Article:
When segregation dictated how African-Americans were treated in the United States, services offered to them were usually severely lacking compared to those offered to the white communities. This extended into the school system as Jeffie Obrea Allen Conner discovered in McLennan County.
Much like its women, Texas’ weather can be wild and fierce. From its stormy spring nights that produce lightning so powerful it could almost cut the earth in two, to the sometimes torturous summer heat that nearly melts your body the moment you step outside, the weather patterns are as expansive as the state itself. But no matter what the skies are doing that day, most people pay little attention to its daily changes, simply working around or with it when necessary.
In 1931, instead of falling down a rabbit hole into Wonderland as the beloved story goes, Alice stumbled into “Baylorland” and upon her landing wittily declared that “after such a fall as this I shall think of nothing flunking chemistry. How brave they’ll think me at home.” Throughout her journey, Alice encountered quirky scenarios commenting on Baylor University culture and its student body. This clever adaptation of Alice in Wonderland, titled “The Mad March Hare of Alice in Baylorland” was produced by Lily Russell, whose own rather witty personality was mirrored in the theatrical production.
There are many evenings throughout the school year at Baylor University when students, as they stroll along Speight Avenue, might be greeted by the sound of music trailing out of Roxy Grove Hall. It might be the lyrical voice of an undergraduate mezzo-soprano or the compositions of a graduate student. Or maybe on the night you pass, you’ll hear the harmonization of the many instruments played by the School of Music’s faculty as they entertain the Waco community. All of it would have delighted the hall’s namesake, Roxy Grove, whose passion for music rivaled that of the world’s greatest composers.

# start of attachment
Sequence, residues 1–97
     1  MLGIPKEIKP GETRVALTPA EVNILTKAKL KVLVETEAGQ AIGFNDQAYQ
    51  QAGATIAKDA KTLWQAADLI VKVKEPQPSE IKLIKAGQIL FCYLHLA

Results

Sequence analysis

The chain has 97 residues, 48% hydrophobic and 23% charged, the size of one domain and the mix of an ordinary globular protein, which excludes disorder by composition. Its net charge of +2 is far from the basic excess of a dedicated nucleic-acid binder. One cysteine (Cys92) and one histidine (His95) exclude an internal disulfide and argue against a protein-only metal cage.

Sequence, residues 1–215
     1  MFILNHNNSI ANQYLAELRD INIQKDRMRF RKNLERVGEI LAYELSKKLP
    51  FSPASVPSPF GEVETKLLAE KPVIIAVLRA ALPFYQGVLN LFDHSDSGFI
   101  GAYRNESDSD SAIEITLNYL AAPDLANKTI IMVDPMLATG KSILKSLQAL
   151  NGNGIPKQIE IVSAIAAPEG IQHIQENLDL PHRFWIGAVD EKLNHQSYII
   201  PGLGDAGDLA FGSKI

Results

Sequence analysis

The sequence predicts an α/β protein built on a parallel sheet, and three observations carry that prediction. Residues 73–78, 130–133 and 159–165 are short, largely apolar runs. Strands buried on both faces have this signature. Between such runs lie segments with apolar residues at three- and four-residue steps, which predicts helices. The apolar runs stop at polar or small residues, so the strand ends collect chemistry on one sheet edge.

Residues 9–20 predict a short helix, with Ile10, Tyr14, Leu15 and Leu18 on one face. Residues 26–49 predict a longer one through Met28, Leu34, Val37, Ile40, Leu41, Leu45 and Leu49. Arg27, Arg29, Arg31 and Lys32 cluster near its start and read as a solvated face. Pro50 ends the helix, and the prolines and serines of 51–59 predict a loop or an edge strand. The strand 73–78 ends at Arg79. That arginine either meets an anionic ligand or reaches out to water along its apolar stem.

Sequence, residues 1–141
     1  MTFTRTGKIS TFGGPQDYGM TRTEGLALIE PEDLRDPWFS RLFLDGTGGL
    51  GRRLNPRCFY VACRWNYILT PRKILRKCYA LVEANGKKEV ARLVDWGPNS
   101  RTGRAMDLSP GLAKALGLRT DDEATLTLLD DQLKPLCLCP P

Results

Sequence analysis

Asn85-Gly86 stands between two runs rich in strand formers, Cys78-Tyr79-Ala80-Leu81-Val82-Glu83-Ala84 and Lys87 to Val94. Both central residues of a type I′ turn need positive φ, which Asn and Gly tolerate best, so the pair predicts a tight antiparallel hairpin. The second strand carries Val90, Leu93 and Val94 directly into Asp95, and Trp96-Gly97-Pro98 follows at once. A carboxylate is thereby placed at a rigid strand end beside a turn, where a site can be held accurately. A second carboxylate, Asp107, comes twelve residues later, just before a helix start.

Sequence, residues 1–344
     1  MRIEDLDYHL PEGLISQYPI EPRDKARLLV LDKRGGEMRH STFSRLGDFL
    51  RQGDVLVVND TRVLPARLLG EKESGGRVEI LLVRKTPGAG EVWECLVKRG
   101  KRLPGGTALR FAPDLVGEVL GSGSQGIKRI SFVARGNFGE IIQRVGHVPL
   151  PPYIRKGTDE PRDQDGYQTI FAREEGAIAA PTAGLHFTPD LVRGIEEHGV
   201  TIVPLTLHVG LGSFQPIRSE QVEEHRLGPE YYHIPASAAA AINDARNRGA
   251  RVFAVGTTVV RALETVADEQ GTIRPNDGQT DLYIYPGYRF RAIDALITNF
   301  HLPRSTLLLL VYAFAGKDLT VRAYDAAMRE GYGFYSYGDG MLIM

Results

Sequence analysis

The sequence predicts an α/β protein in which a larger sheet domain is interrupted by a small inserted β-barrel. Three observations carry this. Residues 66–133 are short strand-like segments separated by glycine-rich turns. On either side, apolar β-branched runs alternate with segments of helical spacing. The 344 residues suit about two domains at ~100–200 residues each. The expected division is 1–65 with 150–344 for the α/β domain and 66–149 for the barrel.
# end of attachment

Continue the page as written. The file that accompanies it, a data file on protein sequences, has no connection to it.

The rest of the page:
In Waco, Texas amidst the ongoing noises of city life sits a 416-acre quiet, natural haven bursting with a tremendous variety of flora and fauna called Cameron Park. This park has become a vital part of the community offering residents and visitors alike a place to enjoy a moment of serenity. And if ever you find yourself meandering through the park’s winding trails following the bank of the Brazos River while listening to its steady stream as you caress the silky bark of the tangled bamboo that decorates the heavily wooded hills you can thank, in part, Kate Harrison Friend. There are many people who played significant roles in Waco’s acquisition of the park, but it was Kate’s involvement with the Texas Federation of Women’s Clubs and her unrelenting support for city park improvements that led to the donation of the land from the William Cameron family.